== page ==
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. 1996 May 17;62(2):161-9.
doi: 10.1016/0165-1781(96)02914-9.

Social Rhythm Stability Following Late-Life Spousal Bereavement: Associations With Depression and Sleep Impairment

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Social Rhythm Stability Following Late-Life Spousal Bereavement: Associations With Depression and Sleep Impairment

L F Brown et al. Psychiatry Res. .

Abstract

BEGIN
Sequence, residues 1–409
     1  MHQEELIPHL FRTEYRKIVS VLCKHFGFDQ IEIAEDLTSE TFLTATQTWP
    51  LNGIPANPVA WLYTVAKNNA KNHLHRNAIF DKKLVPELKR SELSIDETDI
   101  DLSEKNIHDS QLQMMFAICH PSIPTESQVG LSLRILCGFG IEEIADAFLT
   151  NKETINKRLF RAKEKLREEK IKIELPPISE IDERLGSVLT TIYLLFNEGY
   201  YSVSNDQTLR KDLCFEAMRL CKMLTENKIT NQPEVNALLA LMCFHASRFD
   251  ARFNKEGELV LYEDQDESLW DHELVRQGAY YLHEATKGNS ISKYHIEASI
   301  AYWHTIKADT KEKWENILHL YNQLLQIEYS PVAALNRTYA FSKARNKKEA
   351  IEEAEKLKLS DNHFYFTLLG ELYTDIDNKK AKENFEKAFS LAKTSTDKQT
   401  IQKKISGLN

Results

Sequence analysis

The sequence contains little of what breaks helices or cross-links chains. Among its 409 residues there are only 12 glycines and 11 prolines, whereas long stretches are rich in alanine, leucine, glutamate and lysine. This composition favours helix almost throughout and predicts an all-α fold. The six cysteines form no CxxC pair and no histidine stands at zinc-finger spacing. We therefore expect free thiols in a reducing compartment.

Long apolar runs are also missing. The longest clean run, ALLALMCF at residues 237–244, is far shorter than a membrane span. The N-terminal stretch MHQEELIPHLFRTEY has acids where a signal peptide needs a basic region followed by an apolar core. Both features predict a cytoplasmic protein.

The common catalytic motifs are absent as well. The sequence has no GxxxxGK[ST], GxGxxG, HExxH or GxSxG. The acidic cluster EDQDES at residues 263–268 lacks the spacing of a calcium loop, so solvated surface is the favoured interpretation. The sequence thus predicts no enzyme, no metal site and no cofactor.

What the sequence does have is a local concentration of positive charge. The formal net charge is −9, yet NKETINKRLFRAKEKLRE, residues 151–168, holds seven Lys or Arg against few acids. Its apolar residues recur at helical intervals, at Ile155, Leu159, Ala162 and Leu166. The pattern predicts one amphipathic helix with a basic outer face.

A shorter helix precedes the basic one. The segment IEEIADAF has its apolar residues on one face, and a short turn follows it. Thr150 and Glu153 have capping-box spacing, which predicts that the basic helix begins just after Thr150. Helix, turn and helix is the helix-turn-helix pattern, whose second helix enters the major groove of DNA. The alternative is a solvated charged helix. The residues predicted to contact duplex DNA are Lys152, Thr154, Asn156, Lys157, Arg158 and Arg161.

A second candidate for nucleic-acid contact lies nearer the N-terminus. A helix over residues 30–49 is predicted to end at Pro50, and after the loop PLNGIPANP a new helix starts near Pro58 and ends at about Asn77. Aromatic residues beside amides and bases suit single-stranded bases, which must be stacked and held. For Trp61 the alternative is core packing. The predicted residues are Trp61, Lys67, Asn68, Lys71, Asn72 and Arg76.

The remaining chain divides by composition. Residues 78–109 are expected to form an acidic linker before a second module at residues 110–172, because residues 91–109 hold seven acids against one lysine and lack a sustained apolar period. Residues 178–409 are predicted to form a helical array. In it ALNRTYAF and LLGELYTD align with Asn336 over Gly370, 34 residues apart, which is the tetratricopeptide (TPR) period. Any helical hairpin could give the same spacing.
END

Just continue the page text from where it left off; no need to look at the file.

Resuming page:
The aim of this study was to investigate changes in social rhythm stability and sleep in spousally bereaved subjects (n = 94) and in nonbereaved elderly control subjects (n = 45). Social rhythm stability and activity level were measured with a diary-like instrument, the Social Rhythm Metric (SRM). We observed that spousal bereavement, per se, was not associated with a lower social rhythm stability or activity level except in the presence of a major depressive episode. We also observed an inverse correlation between severity of depression and social rhythm stability, and a positive correlation between depression and both subjective and objective measures of sleep impairment. Higher social rhythm stability was correlated with better sleep in subjects with high activity levels, but not in subjects with low activity levels. Longitudinal data, including pre-bereavement assessment of social rhythm stability, are necessary to ascertain directional effects, i.e., whether loss of spouse occasions disruption of social rhythms or whether such disruption precedes sleep impairment and depression.

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